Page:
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2007-03-01 21:21:25.621335+00 by Dan Lyke 5 comments

Okay all you computer language geeks out there... Internationalization (I18n) has just been dropped in my lap. It's not an immediate thing, but I should be educating myself and making suggestions. I've done enough stuff with XML that I've got a good grasp on UTF-8, but I need a little guidance:

  • Programming language symbols in non-ASCII characters (ie: variable names in Japanese or with accents): Good or bad idea?
  • Extended C++ string packages? Any good ones? Do we write our own? Is the standard library's C++ string interface suitable?
  • Internally, do we use variable width characters (ie: UTF-8), is UTF-16 a reasonable compromise or do we still have to worry about variable width given that the full Unicode spec has 17 times 2 bytes worth of characters in it?
  • lex and yacc?

[ related topics: Software Engineering ]

comments in ascending chronological order (reverse):

#Comment Re: made: 2007-03-01 22:02:32.181905+00 by: meuon [edit history]

Are you trying to CODE in UTF-8/UTF-16/Other character sets/ or just display things to users in their language? - First, all your field lengths/variable sizes for everything just got too small.. Getting Traditional Chinese to display properly on WinXP was a major pain, even just in a web browser, and I just got told we were going to being supporting some Korean at NK as well... I don't know how well Mac's/OSX does it, but I have been really impressed with Linux's multi-character set support, PHP/MySQL seem to work well with other char sets. You are writing in a much less abstracted world. (Good Luck 吉)

#Comment Re: made: 2007-03-01 22:59:06.402403+00 by: Dan Lyke

I think we'll still be writing our code in ASCII, but we have a few issues:

First off, we have a language in which people describe their models. It's a programming language:

We have a console which displays text. Right now we're doing it one way in OpenGL, but while that way works fine for 127 characters, it won't scale to 17*65k, which would mean we need to switch to a different mechanism there. But right now we use a fixed spacing font for that tool, are we going to have to revamp our system to handle proportional spacing because we'll have users doing Kanjii?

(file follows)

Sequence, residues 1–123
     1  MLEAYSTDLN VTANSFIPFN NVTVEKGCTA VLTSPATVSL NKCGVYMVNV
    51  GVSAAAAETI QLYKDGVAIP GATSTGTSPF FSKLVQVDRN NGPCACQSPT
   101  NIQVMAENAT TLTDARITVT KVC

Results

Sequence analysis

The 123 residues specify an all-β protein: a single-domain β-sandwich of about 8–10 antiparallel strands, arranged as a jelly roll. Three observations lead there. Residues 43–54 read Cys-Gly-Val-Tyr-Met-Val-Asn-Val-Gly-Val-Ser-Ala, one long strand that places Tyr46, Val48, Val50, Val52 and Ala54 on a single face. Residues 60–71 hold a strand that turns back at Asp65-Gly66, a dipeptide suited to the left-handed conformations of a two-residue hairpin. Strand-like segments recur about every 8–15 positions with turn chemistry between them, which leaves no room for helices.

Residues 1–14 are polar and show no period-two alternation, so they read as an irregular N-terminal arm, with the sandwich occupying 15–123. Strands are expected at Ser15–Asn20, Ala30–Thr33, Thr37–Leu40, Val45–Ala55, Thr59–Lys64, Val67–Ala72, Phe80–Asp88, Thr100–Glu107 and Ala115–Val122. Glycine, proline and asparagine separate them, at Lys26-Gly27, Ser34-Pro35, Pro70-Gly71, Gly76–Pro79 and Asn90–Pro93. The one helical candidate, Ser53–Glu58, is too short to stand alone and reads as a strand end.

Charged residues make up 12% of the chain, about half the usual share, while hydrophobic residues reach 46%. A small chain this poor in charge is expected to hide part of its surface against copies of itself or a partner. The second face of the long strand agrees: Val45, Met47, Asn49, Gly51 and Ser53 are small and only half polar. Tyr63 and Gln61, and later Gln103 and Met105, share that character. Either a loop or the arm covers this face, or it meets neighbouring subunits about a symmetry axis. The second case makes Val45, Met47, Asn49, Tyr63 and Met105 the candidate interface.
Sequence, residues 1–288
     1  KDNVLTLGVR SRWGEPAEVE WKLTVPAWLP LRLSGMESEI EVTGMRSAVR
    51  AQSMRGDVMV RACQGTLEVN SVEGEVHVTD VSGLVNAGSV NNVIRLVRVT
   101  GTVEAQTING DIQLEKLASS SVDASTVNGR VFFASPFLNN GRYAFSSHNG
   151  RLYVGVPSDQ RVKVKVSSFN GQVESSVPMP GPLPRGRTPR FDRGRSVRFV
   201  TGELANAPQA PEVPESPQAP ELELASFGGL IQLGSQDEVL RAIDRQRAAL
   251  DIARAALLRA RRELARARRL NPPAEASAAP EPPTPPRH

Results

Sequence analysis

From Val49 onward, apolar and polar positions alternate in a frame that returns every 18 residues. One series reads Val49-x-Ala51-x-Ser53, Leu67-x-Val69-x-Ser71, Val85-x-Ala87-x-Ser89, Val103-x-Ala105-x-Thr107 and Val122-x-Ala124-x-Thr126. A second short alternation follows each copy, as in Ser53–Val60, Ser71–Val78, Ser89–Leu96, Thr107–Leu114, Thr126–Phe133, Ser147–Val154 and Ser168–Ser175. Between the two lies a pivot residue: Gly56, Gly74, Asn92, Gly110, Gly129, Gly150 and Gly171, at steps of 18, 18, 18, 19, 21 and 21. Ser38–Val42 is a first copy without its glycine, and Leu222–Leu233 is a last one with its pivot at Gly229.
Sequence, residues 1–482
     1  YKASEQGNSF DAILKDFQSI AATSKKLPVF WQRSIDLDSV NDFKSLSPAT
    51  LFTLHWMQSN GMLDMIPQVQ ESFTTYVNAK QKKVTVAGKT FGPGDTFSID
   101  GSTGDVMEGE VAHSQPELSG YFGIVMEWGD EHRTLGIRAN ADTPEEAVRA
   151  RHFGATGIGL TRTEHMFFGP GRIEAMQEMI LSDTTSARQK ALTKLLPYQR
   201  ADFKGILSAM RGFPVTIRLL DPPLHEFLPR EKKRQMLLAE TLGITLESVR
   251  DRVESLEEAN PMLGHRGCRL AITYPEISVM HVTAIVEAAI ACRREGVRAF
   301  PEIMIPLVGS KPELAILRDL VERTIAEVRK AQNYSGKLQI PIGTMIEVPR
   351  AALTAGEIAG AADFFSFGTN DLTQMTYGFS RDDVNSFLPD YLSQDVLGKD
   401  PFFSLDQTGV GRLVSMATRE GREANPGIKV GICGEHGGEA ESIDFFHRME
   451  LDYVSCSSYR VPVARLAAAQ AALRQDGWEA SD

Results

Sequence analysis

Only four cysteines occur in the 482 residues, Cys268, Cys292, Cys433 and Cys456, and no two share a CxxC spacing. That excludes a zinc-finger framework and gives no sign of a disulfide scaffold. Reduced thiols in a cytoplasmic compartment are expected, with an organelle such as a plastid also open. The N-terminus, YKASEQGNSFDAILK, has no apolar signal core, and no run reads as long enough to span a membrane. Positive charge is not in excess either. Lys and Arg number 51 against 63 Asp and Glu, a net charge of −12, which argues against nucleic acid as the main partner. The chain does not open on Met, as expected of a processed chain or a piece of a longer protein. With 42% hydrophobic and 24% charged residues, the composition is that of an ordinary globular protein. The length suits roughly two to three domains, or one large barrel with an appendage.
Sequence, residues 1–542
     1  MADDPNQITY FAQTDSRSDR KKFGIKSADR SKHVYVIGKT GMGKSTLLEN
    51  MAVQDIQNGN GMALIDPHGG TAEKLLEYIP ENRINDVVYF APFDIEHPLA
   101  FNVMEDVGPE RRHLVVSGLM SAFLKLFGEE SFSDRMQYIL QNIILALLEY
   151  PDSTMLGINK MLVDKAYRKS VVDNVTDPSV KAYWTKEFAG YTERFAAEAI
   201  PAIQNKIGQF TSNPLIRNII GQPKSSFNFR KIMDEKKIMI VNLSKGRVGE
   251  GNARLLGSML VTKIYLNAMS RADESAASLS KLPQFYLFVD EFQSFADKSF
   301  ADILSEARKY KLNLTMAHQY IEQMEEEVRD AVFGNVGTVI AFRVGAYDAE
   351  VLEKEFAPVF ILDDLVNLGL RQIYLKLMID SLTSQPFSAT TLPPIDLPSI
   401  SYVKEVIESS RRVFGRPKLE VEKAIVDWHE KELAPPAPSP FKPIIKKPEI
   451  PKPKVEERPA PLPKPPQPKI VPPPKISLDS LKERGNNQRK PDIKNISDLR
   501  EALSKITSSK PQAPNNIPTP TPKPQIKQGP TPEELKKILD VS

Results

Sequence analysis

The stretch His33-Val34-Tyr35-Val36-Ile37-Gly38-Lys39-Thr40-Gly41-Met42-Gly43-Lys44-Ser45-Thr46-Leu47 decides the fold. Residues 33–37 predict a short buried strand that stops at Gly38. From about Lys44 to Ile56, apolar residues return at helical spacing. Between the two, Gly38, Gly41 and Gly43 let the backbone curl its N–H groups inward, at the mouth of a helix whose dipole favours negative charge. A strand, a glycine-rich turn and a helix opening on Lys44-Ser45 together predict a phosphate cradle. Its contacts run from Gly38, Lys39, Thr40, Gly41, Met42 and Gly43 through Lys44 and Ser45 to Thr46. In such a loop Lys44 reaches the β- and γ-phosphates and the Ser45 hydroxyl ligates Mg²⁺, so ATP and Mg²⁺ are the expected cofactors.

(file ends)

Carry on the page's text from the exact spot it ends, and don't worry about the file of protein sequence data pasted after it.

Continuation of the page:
Localization (remapping English prompts and menus and such to other languages) is probably the least of our worries. But, yeah, that's on the table too.

#Comment Re: made: 2007-03-02 07:18:43.549688+00 by: spc476

On programming languages, think about people in Russia who have to code in C and don't necessarily speak English. I personally think it would be nice if they could use their native language to program (but don't ask me to maintain it). The real question I would think is: does the compiler support non-ASCII characters? If it does, then I don't see a real problem.

Since I don't program in C++, can't help you with the C++ string packages, but again, it comes down to—do any of the existing ones handle Unicode properly? If not, you may have to write your own (or do a lot of fixing).

In playing with Unicode (and GNU's iconv package) I tend to use UCS-4 internally. Sure, it uses a ton of memory, but a lot of C idioms for walking through strings carry over without a lot of coding overhead. If you aren't working with large documents, you might be able to use UCS-4, but store everything as UTF-8.

As for filenames, that's really up to the underlying file system and how it handles UTF-8.

#Comment Re: made: 2007-03-02 19:26:10.492205+00 by: dexev

Do you want to allow your programmers to mix tabs and spaces? Indent blocks only by a prime number of spaces? Write functions with ALL_CAPS and #define mixedCaseConstants_maybe_with_underscores?

I think i18n the code itself is a style decision like the above. I'm doing i18n in Python right now (which has built-in support for UTF-8), so I have no useful input on the other questions.

#Comment Re: made: 2007-03-02 20:45:38.575311+00 by: Dan Lyke

The question on support of symbols is one of revamping the language parser, and all the pros and cons I can come up with on that are good. Half of me thinks that'd be easy, just switch the character size to 32 bits and surely someone's come up with classification functions like "isspace" and "isalnum" for Unicode, the other half of me realizes that I don't know what those functions are or where they'll come from yet, and whether or not our lex grammar is easily adjustable for wider characters (ie: does the lex generated code use any 256 byte arrays that are indexed by the next character?).

Filesystem support kind of drives some of these other issues, because we need to manage files in our C-like preprocessor (ie: #include "hiriganacharacters"), but that starts to say that we're going to have to manage them in the console, because we'll need to print error messages that say "Unable to open 'hiriganacharacters'"...

Yeah, the reason I've avoided this so far is that I've either just been passing UTF-8 through (C coding on XML stuff) or Perl has managed it for me.